Staying In Your Lane Vs. Being Stuck In A Rut
- December 3, 2018
- Posted by: Rochelle
- Category: Running Your Business
I’ve been making a ton of two-hour highway trips lately as I’ve been managing the reno on our new pad.
And I’ve found myself consistently sticking to a lane strategy on the mass of freeways that make up greater Los Angeles.
Never the right lanes—there, massive trucks present clear and present danger as they speed up/slow down for oncoming cars.
And almost never the commuter lanes because like a true Angeleno, I’m usually traveling solo.
I’ve found my lane just to the right of the fast lane. It keeps me close to the speed lane so I can move over when I need to zip by and yet unharassed by the 90 MPH crazies who would otherwise shoot me the finger (or worse).
Is it a rut? Of course not—it’s a strategy to commute as quickly and safely as possible based on how I drive best.
The same is true of your business.
There is a highest, best use of your time—your personal genius if you will—that once discovered, makes your lane clear. (Not sure how on your personal genius? Here’s how to get there.)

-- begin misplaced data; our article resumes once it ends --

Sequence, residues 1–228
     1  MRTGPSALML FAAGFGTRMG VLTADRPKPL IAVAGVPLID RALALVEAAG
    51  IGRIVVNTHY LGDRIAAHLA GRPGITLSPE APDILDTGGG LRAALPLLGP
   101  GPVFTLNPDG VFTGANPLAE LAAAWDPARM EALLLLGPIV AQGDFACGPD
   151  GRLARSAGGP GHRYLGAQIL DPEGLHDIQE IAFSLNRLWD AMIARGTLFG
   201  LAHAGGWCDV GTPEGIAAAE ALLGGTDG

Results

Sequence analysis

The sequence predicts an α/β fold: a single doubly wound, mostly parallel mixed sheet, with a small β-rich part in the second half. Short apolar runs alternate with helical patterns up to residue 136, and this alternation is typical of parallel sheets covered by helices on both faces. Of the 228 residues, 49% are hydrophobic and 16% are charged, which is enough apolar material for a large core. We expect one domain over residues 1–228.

For example: Jessie is a strategist first and foremost. Which means that executing tactical steps is not her primary talent. Can she do it in a pinch? Of course—she’s a pro.
But if she does too much of it, it saps her energy and before you know it, she’s firmly out of her genius and into a rut.
She’s charging less—tactical execution typically doesn’t command the same consulting fees as strategy—for work that doesn’t use her best talents.
Fee pressures + your not-best work create a rut.
Instead, learn to stay firmly in your lane while avoiding getting stuck in a rut that doesn’t serve you.
Get exquisitely clear on those aspects of your work that drive you. This means teasing out your ideal combination of your expertise, how you like to work, your big idea and your ideal audience (always making sure there’s a viable market for what you’ll be selling).
Don’t be afraid to shift lanes when something’s not working. Precious few of us choose our lane early and never veer elsewhere. It takes some experimentation to discover your sweet-spot. Which means that sometimes the slow lane is exactly the right place to be as you reconfigure your work and business.
Think of your lane as a set of guardrails. In Jessie’s lane, she’s got a strategy guardrail. But that doesn’t mean she doesn’t have plenty of room to try new ideas, new platforms, new people. It’s only a rut if you keep doing the same things the same way without evaluating how they’re impacting your performance.
Working your personal brand of genius isn’t just brilliant for your business. It’s what enables you to keep loving your work and the people you serve.
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